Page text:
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Yohimbe

Yohimbe
© Steven Foster

Common Names: yohimbe, johimbi

Latin Names: Pausinystalia yohimbe

Background

  • Yohimbe is an evergreen tree native to central and western Africa. It has a compound called yohimbine in its bark. The bark has been used traditionally as an aphrodisiac and to enhance sexual performance.
  • Yohimbe is promoted for erectile dysfunction, athletic performance, weight loss, angina (chest pain caused by not enough blood flow to the heart), high blood pressure, diabetic neuropathy, and more.
  • Yohimbine hydrochloride, a standardized form of yohimbine, is available in the United States as a prescription drug. This is a different product than dietary supplements made from the bark of the tree.

How Much Do We Know?

  • There is very little research in people on the effects of yohimbe as a dietary supplement. But studies have documented the risks of taking it.

What Have We Learned?

  • The amount of yohimbine in dietary supplements may vary; some yohimbe products contain very little yohimbine. Yohimbe sold as a dietary supplement may not work like the prescription medication that contains yohimbine. It is illegal in the United States to market an over-the-counter product containing yohimbine as a treatment for erectile dysfunction without getting approval from the U.S. Food and Drug Administration to do so.
  • There is not enough research to say whether yohimbe as a dietary supplement is helpful for any condition, including erectile dysfunction, athletic performance, or weight loss.

What Do We Know About Safety?

  • Yohimbe has been associated with heart attacks and seizures.
  • Because of inaccurate labeling and potential for serious side effects, yohimbe supplements have been restricted or banned in many countries.
  • Yohimbe caused stomach problems, tachycardia (a rapid heartbeat), anxiety, and high blood pressure, according to a study comparing calls about yohimbe and other substances made to the California Poison Control System between 2000 and 2006. People calling about yohimbe were generally more likely to need medical care than other callers.
  • Most yohimbe products don’t say how much yohimbine they contain. The amount may vary a lot among products, according to a 2015 analysis of 49 brands of supplements labeled as containing yohimbe or yohimbine for sale in the United States. Some of the yohimbine was either synthetic or from highly processed plant extract. Most of the supplements did not provide information about known side effects.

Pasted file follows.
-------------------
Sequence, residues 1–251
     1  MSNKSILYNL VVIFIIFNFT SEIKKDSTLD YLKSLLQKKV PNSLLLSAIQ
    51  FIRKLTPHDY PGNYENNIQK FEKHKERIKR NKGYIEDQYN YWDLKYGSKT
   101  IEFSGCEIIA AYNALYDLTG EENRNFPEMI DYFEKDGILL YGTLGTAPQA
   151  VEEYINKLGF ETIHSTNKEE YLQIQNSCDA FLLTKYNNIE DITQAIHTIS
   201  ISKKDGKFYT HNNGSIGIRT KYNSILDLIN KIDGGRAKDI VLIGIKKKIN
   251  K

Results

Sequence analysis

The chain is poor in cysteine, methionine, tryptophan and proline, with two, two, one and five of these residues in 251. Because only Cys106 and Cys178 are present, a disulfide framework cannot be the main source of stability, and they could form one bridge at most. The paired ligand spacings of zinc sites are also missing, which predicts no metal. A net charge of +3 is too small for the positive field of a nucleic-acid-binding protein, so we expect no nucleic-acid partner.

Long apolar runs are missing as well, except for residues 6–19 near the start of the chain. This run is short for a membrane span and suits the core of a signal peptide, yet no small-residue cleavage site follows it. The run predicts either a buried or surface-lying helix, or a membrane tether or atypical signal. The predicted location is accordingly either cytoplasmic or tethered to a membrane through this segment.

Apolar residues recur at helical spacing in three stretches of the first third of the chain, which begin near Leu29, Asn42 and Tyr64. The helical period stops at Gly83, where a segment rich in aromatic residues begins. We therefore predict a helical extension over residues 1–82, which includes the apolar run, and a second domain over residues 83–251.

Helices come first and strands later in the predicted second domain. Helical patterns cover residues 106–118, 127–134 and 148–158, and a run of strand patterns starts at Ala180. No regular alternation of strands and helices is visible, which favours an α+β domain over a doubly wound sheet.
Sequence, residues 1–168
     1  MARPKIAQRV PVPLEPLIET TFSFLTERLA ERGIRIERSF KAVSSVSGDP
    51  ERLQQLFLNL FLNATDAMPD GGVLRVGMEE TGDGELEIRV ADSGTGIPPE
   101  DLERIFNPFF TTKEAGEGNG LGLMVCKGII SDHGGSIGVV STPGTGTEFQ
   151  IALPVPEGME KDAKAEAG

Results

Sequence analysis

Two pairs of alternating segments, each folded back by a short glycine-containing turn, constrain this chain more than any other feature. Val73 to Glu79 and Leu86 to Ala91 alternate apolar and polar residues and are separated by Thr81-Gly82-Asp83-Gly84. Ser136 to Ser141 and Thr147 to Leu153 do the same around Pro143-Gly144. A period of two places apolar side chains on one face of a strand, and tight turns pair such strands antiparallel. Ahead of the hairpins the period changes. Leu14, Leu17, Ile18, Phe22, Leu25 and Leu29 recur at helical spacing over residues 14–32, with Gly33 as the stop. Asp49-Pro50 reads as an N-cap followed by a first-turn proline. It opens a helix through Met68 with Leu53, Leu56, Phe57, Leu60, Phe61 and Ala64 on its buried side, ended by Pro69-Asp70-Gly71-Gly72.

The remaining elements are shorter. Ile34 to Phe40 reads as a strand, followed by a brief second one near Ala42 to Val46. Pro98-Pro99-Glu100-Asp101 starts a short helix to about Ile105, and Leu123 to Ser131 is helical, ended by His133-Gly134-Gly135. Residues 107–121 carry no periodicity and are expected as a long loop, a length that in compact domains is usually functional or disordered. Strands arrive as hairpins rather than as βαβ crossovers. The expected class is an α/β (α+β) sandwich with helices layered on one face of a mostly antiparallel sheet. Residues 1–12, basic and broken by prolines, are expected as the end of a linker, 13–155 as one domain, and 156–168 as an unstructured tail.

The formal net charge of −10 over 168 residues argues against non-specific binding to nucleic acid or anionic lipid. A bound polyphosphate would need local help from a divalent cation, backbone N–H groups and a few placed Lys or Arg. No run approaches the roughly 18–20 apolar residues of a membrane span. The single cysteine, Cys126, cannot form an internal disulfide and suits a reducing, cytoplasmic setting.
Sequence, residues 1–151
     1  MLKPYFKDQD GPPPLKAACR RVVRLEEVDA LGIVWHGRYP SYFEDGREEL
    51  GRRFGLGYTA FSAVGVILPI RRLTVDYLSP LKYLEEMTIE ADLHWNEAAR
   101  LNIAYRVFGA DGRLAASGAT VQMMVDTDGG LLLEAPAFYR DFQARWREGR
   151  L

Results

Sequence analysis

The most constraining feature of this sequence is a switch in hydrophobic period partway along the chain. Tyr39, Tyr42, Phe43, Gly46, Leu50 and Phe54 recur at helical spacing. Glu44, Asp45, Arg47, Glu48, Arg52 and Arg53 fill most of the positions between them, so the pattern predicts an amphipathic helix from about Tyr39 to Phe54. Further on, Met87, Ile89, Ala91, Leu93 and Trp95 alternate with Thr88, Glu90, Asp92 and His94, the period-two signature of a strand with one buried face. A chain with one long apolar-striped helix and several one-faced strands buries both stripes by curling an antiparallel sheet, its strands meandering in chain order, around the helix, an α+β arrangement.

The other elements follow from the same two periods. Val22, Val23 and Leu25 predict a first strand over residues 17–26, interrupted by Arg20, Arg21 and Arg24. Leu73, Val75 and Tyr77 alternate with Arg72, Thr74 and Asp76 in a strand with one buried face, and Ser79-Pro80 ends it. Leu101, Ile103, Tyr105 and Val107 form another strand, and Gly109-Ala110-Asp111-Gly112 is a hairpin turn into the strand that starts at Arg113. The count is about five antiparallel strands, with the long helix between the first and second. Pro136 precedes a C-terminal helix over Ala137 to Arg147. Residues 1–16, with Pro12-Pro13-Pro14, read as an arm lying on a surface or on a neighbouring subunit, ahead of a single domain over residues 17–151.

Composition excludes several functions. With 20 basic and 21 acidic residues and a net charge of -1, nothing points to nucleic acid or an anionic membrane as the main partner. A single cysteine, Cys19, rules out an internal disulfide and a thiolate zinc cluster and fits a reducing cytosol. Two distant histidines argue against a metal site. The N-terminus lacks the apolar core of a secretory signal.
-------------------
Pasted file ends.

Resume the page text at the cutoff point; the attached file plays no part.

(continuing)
• It might be unsafe to use yohimbe orally (taken by mouth) during pregnancy and while breastfeeding.
  • It might be unsafe for children to take yohimbe orally.
  • Do not use yohimbe if you are taking a type of antidepressant medication called monoamine oxidase inhibitors, such as phenelzine (Nardil) and tranylcypromine (Parnate). Yohimbe can interact with these medications.

Keep in Mind

  • Take charge of your health—talk with your health care providers about any complementary health approaches you use. Together, you can make shared, well-informed decisions.

NCCIH Clearinghouse

The NCCIH Clearinghouse provides information on NCCIH and complementary and integrative health approaches, including publications and searches of Federal databases of scientific and medical literature. The Clearinghouse does not provide medical advice, treatment recommendations, or referrals to practitioners.

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PubMed®

A service of the National Library of Medicine, PubMed® contains publication information and (in most cases) brief summaries of articles from scientific and medical journals. For guidance from NCCIH on using PubMed, see How To Find Information About Complementary Health Approaches on PubMed.

Website: https://pubmed.ncbi.nlm.nih.gov/

Office of Dietary Supplements (ODS), National Institutes of Health (NIH)

ODS seeks to strengthen knowledge and understanding of dietary supplements by evaluating scientific information, supporting research, sharing research results, and educating the public. Its resources include publications (such as Dietary Supplements: What You Need To Know) and fact sheets on a variety of specific supplement ingredients and products (such as vitamin D and multivitamin/mineral supplements).

Website: https://ods.od.nih.gov/

Email: ods@nih.gov (link sends e-mail)

Key References

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NCCIH has provided this material for your information. It is not intended to substitute for the medical expertise and advice of your health care provider(s). We encourage you to discuss any decisions about treatment or care with your health care provider. The mention of any product, service, or therapy is not an endorsement by NCCIH.

Last Updated: November 2020